******************************************************************
Pentti Kanerva at Stanford Spinners' dinner on April 28, 2015:


I will talk about what happened to the PDP-1 in Pine Hall after SAIL
moved to DC Power Lab.

I came to Stanford in 1967, to work in Patick Suppes' computer lab
in Pine Hall.

Pat was a professor of Philosophy and, by courtesy, of Statistics,
Psychology, and Education.  He was also the director of the Institute
for Mathematical Studies in the Social Sciences (IMSSS) and a pioneer
of Computer Assisted Instruction.  He and John McCarthy were partners
in getting the PDP-1.  When SAIL moved up hill, the PDP-1 was left to
Suppes and his IMSSS.

When I arrived, SAIL had already moved, so there is a gap between what
Les has told us and what I know at first hand.  The equipment in Pine
Hall consisted of

  PDP-1
    Swapping drum
    Philco displays
    IBM disk

The third timesharing system for the PDP-1 had just been completed.
It was called Zeus; the first two were Odin and Thor.

  (See "THOR--a display based time sharing system," by John McCarthy,
  Dow Brian, Gary Feldman, and John Allen.  AFIPS 1967 Spring Joint
  Computer Conference, pp. 623-633.)

Of the people in the IMSSS computer lab I want to name two and to
speak to their contribution:

  Dow Brian

    Zeus timesharing system (Odin --> Thor --> Zeus).
    Memory interface between the PDP-1 and a PDP-8 with 32 teletypes.
    Anything else that Pat would dream of.

    Eventually a home-built network of a PDP-10 and 5 PDP-8s
      served over 100 teletypes as student terminals
      in real time
      locally and across the country:
        Mississippi, Kentucky, Tennessee,  Washington DC.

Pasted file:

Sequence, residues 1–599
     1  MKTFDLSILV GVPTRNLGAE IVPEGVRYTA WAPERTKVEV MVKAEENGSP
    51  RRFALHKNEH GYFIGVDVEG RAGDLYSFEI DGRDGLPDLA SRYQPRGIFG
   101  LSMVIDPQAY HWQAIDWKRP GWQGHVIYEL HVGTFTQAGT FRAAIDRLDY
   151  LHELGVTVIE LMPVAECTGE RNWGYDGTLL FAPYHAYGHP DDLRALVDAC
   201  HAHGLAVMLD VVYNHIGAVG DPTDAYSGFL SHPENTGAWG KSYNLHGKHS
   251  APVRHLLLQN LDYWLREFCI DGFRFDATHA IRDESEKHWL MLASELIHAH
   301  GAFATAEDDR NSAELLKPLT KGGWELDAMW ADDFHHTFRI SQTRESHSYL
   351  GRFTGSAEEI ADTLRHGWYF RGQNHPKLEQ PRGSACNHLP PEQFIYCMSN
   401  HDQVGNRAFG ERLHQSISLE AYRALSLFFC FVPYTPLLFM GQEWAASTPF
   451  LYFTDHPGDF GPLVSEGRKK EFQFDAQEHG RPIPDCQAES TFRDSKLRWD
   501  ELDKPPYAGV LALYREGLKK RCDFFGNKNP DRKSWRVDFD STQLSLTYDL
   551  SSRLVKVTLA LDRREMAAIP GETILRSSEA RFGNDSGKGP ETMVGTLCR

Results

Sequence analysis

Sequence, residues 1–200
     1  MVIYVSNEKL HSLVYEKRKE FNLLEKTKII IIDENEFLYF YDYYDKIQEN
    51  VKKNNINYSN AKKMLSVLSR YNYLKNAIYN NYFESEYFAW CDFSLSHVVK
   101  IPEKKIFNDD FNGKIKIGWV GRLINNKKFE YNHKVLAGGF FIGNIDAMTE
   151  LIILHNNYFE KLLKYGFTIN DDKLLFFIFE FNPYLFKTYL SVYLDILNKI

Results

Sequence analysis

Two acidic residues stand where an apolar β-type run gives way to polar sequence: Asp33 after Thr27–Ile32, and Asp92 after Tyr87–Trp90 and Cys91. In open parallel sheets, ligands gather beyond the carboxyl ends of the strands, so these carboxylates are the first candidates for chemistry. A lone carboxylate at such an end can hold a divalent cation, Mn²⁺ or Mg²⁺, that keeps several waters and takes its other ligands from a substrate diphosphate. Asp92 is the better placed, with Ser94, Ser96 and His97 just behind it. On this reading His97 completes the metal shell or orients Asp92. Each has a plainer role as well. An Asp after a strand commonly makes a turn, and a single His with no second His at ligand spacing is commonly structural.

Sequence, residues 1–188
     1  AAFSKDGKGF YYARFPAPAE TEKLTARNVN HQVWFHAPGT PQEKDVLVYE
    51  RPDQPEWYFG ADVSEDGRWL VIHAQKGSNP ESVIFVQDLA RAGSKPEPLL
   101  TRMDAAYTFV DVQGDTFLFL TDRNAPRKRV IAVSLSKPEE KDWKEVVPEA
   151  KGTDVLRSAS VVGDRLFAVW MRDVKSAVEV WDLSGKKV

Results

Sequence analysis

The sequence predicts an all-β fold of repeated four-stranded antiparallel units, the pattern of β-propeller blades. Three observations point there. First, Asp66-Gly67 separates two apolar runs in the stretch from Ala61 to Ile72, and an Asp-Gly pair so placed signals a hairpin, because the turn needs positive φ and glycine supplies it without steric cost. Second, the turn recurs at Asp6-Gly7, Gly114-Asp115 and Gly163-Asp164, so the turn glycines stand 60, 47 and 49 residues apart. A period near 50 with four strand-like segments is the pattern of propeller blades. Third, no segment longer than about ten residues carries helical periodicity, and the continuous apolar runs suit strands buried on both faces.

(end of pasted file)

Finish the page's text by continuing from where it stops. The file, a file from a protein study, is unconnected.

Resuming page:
We controlled the remote PDP-8s from the PDP-10 and would boot
    them and download their software from Stanford much before that
    kind of thing was possible with industry-supplied hardware and
    software.

  Brian Tolliver

    TVEDIT
      Perhaps the first visual editor (along w/ Engelbart's @ SRI).
      Conceptually clean.

    There are Firsts, and then there are FIRSTS:

      Brian Tolliver's TVEDIT served as a model for what came after:
       - TV and E @ SAIL
       - TVEDIT for PDP-10s and DEC-20s @ Stanford
       - Emacs @ MIT
       - Editors at Xerox PARK
       - Apple's Lisa
       - Etc. etc. etc. ...

    Now all of us use computers for writing and editing, even if
    for nothing else!


A bit of Stanford CS lore:

  If you had built a major operating system (Odin, Thor, Zeus),
  you were likely to fail the Systems quals for your PhD.


What did IMSSS spin?

  SUMEX computer operation:
    Joshua Lederberg, Tom Rindfleisch

    TENEX adaptation of the SAIL programming language

    Clark Wilcox: MAINSAIL

  Computer Curriculum Corporation:
    Patrick Suppes

    Educational software


  I ask Bob Smith to speak to the IMSSS spin, having been a major
  contributor.

******************************************************************